A Light Bird | Maylis de Kerangal | Granta

A Light Bird

Maylis de Kerangal

Translated by Jessica Moore

Towards the end of the meal, sentences began to tumble like stones onto the plates and, progressively, the thousands of infrasonic hissing sounds produced by two people eating together in the kitchen of an old apartment – scrape of cutlery against earthenware, creak of wicker chairs, glug-glug of water poured into glasses, bodily sounds – all this overtook the room. These changes in acoustic tone had come to signal that Lise was preparing to speak about her mother, and I instinctively pulled back. I saw her put down her cutlery, calmly wipe her mouth, lean forward, and turn her face towards me, cast in relief by the overhead light, and perhaps also shaped by the face of Rose, who she sometimes resembles in such a troubling (though fleeting) way. She caught my eye with such intensity it was no longer possible for me to evade her. Dad – I heard the agitation in her voice, controlled but audible, and the excess of solemnity that signals an imminent declaration: Dad, I want you to erase Mom’s voice from the answering machine.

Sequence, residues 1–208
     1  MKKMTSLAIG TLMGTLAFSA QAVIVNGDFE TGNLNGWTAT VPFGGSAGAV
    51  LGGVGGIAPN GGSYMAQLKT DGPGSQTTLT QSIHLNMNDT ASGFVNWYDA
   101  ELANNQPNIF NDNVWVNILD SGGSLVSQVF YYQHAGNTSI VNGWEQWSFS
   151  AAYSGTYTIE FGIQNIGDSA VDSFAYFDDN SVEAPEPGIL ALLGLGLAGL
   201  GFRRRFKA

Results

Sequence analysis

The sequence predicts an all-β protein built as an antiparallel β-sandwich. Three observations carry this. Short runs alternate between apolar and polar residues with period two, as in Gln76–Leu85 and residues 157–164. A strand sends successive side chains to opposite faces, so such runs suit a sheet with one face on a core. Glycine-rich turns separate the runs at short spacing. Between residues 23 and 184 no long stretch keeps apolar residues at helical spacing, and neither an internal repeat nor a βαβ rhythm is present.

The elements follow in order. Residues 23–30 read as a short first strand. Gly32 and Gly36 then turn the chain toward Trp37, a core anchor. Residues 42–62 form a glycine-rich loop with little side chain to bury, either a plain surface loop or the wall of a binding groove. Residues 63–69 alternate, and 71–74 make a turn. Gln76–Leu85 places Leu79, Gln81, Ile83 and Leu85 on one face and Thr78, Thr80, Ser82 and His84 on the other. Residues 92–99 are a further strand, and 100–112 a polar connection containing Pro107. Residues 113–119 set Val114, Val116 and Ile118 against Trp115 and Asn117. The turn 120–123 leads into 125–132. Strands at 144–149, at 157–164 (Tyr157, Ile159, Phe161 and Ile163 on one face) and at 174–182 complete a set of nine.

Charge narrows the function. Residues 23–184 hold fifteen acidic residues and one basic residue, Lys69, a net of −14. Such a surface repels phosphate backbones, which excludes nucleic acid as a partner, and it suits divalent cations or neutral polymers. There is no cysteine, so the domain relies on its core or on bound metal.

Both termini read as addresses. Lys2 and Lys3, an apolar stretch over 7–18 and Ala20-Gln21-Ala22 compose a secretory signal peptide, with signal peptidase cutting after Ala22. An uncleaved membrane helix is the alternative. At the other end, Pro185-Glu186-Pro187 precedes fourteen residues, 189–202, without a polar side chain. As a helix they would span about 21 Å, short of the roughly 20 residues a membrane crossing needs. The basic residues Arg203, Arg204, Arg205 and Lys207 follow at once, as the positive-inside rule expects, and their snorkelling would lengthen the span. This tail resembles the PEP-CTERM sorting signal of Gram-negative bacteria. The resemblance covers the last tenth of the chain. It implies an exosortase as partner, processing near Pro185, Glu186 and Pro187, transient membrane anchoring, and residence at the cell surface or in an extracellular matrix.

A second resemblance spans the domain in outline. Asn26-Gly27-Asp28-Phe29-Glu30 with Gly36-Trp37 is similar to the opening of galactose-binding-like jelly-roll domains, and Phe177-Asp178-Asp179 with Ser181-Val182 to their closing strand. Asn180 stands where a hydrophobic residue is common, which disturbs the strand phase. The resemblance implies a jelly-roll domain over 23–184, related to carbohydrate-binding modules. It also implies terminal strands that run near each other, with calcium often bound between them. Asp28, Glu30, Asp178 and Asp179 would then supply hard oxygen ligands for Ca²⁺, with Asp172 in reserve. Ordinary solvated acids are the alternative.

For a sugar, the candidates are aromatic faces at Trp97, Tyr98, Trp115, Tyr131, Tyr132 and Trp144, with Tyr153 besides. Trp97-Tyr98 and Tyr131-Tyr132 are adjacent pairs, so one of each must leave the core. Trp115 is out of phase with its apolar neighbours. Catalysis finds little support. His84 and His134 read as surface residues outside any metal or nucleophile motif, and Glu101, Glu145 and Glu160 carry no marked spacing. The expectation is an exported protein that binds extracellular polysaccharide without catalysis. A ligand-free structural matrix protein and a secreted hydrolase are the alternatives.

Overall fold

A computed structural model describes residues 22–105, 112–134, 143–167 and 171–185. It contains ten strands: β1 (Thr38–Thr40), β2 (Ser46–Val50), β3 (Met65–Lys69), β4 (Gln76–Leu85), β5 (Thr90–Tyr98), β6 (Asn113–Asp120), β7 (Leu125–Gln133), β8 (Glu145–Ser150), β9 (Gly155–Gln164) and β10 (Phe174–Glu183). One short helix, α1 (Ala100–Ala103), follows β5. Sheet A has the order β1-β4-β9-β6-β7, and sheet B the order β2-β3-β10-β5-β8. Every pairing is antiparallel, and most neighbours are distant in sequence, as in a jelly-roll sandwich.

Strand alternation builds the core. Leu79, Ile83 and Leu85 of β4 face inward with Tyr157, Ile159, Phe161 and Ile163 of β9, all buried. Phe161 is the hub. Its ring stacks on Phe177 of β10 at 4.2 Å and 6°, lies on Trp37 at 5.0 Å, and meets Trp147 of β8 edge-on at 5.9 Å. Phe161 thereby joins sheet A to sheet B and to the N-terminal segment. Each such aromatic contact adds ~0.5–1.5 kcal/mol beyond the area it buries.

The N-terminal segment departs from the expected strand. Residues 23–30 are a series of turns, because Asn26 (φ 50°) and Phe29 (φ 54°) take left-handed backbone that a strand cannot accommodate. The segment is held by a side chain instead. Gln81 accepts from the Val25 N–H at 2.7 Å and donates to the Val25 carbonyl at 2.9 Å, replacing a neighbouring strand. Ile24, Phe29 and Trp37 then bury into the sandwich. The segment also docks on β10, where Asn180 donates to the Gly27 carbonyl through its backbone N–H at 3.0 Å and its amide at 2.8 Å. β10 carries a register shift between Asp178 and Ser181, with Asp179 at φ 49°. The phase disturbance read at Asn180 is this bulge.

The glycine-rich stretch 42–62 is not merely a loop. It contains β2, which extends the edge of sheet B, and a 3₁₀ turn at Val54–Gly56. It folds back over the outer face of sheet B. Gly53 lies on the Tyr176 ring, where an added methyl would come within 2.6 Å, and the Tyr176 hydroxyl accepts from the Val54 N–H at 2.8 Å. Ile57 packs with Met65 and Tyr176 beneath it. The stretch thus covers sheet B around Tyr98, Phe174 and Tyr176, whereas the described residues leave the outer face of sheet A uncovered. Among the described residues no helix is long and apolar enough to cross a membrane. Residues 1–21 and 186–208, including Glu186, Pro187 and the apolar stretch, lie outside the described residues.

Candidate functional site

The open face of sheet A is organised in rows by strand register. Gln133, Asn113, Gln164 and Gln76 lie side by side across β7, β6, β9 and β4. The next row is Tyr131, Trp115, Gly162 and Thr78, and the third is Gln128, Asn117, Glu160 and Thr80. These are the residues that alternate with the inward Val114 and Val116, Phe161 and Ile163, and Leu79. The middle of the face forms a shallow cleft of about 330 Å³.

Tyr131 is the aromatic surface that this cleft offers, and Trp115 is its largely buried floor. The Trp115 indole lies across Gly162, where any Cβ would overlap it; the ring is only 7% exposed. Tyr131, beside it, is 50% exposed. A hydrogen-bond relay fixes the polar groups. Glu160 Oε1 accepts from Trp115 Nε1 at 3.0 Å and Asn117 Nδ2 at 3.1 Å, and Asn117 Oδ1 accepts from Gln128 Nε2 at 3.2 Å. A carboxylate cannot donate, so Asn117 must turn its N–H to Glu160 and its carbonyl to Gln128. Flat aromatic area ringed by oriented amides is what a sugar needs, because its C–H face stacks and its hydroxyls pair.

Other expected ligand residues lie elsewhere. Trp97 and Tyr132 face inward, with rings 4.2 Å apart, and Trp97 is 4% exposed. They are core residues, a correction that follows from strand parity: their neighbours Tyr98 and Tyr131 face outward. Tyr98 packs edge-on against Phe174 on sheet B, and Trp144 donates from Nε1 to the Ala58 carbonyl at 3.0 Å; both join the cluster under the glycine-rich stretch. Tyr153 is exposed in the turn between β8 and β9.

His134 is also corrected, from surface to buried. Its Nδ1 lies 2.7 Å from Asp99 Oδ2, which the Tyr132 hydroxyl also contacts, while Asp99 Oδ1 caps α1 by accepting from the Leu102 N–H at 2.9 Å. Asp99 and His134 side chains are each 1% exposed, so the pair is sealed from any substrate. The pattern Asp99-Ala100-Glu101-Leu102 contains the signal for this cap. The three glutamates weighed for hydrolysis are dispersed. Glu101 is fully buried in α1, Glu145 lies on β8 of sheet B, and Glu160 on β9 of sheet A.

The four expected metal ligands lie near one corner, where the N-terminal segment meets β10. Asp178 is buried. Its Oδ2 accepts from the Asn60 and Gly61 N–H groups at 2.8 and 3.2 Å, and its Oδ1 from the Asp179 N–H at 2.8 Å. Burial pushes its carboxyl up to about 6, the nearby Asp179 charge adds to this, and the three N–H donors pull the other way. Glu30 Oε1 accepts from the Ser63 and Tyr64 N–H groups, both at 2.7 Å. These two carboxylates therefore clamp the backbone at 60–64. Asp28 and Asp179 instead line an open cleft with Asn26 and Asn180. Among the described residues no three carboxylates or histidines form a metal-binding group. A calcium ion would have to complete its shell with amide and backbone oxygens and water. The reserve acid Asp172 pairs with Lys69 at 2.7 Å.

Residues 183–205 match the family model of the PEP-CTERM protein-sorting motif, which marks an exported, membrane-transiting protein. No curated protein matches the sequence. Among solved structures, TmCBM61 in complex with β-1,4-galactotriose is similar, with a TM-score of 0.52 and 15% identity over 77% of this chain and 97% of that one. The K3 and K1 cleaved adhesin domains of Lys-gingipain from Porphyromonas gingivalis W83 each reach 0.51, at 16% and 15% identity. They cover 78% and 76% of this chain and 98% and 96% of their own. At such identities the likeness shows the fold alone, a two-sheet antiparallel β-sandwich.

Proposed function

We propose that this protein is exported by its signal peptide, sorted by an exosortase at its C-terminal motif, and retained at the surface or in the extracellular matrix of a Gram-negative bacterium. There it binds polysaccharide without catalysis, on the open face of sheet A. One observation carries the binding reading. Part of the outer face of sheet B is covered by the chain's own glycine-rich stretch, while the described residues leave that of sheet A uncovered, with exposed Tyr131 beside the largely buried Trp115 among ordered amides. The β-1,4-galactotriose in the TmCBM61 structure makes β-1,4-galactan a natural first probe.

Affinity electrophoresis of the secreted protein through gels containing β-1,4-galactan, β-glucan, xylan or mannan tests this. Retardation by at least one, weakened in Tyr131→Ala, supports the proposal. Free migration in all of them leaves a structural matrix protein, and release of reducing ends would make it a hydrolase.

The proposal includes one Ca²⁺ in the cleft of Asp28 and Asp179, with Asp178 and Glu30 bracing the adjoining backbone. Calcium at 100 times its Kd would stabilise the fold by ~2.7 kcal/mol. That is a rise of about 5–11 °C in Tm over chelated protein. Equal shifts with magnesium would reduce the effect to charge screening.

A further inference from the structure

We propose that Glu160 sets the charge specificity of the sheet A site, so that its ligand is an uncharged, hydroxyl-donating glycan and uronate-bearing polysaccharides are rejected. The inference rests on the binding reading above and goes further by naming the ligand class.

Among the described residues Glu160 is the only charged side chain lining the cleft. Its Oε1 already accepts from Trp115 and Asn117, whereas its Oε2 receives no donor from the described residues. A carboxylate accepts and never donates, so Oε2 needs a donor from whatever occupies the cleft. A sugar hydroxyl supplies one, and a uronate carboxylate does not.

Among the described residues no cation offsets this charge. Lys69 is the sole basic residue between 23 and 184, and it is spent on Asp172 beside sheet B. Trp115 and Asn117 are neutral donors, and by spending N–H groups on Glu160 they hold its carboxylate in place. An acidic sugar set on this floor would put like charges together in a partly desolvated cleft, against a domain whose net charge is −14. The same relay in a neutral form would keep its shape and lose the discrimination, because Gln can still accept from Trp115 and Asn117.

A current of icy air rushed past, and I capsized against the back of the chair. For a few seconds I felt like a man standing on a frozen river that suddenly cracks and splits, fracture lines starring outward all around me, racing off as far as the eye could see. Lise’s eyes did not leave mine as the silence rose between us, thicker and thicker, vehement. And then she placed her hand on mine, and repeated more slowly, please, do it now, put an end to this. She got up then to clear the table, turning her back to me, plunging her hands into the sink, making it clear that this dinner and this conversation were finished.